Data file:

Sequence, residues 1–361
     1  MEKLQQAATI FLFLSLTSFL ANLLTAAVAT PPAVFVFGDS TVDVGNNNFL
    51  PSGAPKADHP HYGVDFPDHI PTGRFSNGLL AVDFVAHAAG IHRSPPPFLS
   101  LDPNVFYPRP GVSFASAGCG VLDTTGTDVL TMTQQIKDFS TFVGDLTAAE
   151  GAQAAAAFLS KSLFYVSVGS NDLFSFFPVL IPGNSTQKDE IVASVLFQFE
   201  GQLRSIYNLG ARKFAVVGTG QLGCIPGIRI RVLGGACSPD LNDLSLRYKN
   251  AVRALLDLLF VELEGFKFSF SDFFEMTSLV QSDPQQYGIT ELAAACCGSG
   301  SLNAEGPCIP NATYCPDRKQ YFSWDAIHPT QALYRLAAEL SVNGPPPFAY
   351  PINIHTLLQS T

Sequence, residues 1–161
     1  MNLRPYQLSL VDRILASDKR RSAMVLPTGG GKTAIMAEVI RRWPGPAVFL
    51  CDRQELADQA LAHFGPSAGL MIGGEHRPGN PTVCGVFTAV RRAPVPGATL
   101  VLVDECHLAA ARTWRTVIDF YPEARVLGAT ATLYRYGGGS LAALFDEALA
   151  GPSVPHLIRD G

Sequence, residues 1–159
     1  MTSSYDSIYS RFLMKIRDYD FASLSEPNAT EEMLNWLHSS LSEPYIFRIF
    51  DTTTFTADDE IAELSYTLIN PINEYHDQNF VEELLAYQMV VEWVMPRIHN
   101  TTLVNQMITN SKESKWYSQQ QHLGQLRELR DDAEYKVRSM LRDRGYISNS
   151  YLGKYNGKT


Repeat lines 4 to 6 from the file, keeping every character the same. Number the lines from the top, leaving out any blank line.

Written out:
   101  LDPNVFYPRP GVSFASAGCG VLDTTGTDVL TMTQQIKDFS TFVGDLTAAE
   151  GAQAAAAFLS KSLFYVSVGS NDLFSFFPVL IPGNSTQKDE IVASVLFQFE
   201  GQLRSIYNLG ARKFAVVGTG QLGCIPGIRI RVLGGACSPD LNDLSLRYKN